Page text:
Finding the Balance

Photo by Yannic Läderach on Unsplash

Back in March, returning from one week break, we heard some talks about a possible school closure due to the COVID-19 pandemic. It seemed unreal that such a thing would really happen. However, more meetings and trainings were planned, as new online tools were added to our existing edtech pool, being a 1:1 school. As the dreaded virus started to spread through Europe, on March 9th at 4 pm, our entire community found out that the school was now closed for at least a couple of weeks. As a Middle and High School Teacher-Librarian, I still haven’t gone back on campus. And for this school year that ends on June 24th, I won’t, not in a significant way.
Of course, the school is closed but the learning continues and never stopped. It required plenty of adjustments and a lot (too much) time in front of the laptop. Finding the right balance between work, personal life, fitness, and mental health while dealing with the news hasn’t been easy for a lot of people. Our school director recently quoted this and I have been thinking about its obvious, but hidden, truth.

“You are not working from home; you are at your home
during a crisis trying to work.”

Posted in a Tweet by Mark Richardson

This applies to teachers and students. These past couple of months, and the ones ahead, are very unique and demand that each and everyone find its own equilibrium.

Now, finding a balance also applies to specific areas, and, in the digital environment, we must balance contributing authentically and maintaining privacy.
The term privacy is defined in the Educator Toolkit for Teacher and Student Privacy as “the ability to protect one’s own personal information and control with whom and how the information is shared”.
Not everyone realizes that huge amounts of personal information about teachers and their students are collected on a daily basis. This is the downside to the growth of education technology in classrooms. The information obtained is usually sent to vendors and other third parties, who often appear to have unclear motives.
It is up to the school, its administration, and its teachers, to make sure that a given technology tool or application is safe and secure for students to use.

Common Sense Media initiated a 3 years survey to evaluate the privacy policy of approximately a hundred of the most popular edtech applications and services, looking at two aspects: its transparency and its quality, analyzing how student information is collected, used and disclosed. Published in 2018, the State of Edtech Privacy Report was alarming: inconsistent privacy and security practices, lack of transparency with unclear, or missing or contradictory explanations. Only 10% of the apps or services met their minimum criteria for transparency and quality in their policies!

Educators need to choose companies that have responsible practices, and/or put pressure on the ones who are not transparent, and advocate for student privacy legislation and enforcement.

Photo by Dan Nelson on Unsplash

In Europe, things finally moved in the right direction a few years ago with the implementation of GDPR , which stands for General Data Protection Regulation. It is a data privacy law set out by the European Union, and finally enforced from May 25th, 2018. The passing of GDPR has directly impacted data privacy and security standards while also indirectly encouraging organizations to develop and improve their cybersecurity measures, limiting the risks of any potential data breach.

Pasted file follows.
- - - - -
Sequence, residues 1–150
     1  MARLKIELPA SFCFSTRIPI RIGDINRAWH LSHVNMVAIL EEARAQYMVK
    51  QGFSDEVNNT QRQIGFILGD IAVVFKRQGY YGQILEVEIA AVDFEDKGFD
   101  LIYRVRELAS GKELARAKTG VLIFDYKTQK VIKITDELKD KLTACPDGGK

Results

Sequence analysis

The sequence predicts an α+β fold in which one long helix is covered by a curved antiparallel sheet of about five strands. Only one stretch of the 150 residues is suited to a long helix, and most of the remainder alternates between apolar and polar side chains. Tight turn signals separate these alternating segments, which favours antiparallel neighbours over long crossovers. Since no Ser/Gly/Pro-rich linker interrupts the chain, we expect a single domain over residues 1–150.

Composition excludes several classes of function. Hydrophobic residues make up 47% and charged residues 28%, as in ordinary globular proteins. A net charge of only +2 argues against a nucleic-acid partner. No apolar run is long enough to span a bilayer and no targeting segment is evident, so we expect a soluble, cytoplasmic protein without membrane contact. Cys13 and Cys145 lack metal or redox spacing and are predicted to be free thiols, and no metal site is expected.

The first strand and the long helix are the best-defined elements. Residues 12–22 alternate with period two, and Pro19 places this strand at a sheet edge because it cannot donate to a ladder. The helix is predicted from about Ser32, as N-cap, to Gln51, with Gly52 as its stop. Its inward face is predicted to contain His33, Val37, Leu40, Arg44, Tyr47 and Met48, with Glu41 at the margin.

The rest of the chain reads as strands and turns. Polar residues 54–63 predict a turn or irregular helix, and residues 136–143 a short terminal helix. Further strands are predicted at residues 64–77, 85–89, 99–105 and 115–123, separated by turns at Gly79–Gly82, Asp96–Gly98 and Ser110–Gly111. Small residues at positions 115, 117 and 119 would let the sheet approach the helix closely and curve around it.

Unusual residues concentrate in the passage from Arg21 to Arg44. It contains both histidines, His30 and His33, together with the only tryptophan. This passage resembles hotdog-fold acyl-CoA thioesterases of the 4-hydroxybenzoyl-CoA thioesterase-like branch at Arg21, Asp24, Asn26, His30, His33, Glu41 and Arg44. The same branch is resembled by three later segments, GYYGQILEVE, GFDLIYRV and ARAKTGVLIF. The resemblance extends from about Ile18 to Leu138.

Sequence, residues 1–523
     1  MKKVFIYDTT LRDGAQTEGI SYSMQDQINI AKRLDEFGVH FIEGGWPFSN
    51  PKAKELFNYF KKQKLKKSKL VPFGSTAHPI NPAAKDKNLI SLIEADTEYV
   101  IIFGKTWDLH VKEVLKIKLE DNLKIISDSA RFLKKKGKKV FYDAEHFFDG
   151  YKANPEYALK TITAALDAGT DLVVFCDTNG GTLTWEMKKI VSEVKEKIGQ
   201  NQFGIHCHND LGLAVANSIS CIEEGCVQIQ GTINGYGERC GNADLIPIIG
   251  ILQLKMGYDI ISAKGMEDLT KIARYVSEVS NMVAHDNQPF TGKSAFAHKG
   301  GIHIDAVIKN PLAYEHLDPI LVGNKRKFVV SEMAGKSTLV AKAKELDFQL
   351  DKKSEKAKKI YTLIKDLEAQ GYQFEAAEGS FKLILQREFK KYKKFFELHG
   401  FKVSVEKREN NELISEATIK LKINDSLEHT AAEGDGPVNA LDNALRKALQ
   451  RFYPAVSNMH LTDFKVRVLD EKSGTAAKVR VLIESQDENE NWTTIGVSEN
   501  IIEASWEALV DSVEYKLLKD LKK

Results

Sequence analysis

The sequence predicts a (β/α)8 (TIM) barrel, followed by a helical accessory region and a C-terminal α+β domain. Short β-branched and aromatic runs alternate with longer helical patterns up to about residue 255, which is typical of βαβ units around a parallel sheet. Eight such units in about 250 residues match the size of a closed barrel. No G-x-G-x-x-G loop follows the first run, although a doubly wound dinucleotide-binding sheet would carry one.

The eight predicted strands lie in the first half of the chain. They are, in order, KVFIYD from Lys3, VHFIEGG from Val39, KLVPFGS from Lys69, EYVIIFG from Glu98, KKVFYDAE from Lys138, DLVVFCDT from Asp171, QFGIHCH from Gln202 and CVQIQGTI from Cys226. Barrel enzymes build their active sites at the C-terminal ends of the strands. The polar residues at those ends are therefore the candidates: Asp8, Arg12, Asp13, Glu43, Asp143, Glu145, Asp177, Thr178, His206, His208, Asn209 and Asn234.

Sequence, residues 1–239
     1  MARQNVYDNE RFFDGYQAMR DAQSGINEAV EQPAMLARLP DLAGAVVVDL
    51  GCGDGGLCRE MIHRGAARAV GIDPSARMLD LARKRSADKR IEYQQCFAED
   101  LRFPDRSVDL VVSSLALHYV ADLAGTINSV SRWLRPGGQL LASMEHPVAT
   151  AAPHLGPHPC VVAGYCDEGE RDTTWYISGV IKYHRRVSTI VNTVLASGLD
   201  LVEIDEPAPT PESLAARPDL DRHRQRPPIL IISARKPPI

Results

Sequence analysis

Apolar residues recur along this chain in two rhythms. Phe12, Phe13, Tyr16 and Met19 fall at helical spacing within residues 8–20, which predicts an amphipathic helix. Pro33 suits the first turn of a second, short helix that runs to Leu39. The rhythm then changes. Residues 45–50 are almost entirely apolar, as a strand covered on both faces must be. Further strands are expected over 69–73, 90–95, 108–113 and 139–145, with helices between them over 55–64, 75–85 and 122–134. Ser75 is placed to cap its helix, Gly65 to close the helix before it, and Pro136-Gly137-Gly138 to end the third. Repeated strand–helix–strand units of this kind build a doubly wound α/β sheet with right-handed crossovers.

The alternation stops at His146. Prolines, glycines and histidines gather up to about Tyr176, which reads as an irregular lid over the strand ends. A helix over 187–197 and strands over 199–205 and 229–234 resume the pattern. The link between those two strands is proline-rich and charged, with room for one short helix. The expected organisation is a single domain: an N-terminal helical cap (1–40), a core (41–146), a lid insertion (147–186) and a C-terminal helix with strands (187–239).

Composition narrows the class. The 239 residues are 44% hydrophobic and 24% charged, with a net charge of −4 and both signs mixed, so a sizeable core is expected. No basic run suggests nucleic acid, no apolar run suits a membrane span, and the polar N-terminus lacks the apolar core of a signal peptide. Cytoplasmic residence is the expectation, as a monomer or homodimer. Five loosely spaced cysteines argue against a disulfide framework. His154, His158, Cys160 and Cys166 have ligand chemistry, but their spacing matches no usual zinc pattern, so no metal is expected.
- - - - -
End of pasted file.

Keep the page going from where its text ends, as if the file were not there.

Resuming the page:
Our school started to review its practices, from how the families’ files were kept and for how long, to the library online subscriptions… and many more domains not always questioned before. All staff members and teachers attended training sessions, and several of them served on specific committees. A Data Protection Officer (DPO) was hired, and communications sent to parents. A Privacy Notice was written and published on our website. Conversations with companies took place, and sometimes these discussions were difficult, especially with some non-European businesses who were not willing to clarify or modify their policies and be transparent. We had to cancel some online tools used in class for this reason.

The ISTE Educators Standard 3d states that “Educators model and promote management of personal data and digital identity and protect student data privacy.” This should be everyone’s concern.

One Reply to “Finding the Balance”

  1. Hi Christel!

    Unfortunately, Distance Learning is a new reality for the majority of schools around the world. As educators, we have learned a lot.

    The quote “You are not working from home; you are at your home during a crisis trying to work.” that your director wrote really echoed my thinking. Online teaching is pretty challenging, especially if you are teaching the ES students. Students should be self-directed and active participants during online learning. But I found that the youngest ones are still dependent on their parents. Online students learn much of the material on their own, and so they have plenty of questions. And teachers have more work as well, they get a lot of repetitive questions and need to write individual emails to answer and clarify.

    The time that we invest in answering email questions is teaching time, and we make a personal connection, something even silly student questions can turn into fruitful conversation.

    I found it is interesting that your school opened a new position – Data Protection Officer.
    You wrote that staff and faculty had the training sessions and served on specific committees.
    I wonder, do you think it was helpful for the staff and faculty? Did you see any changes happening in school regarding data privacy in everyday life?

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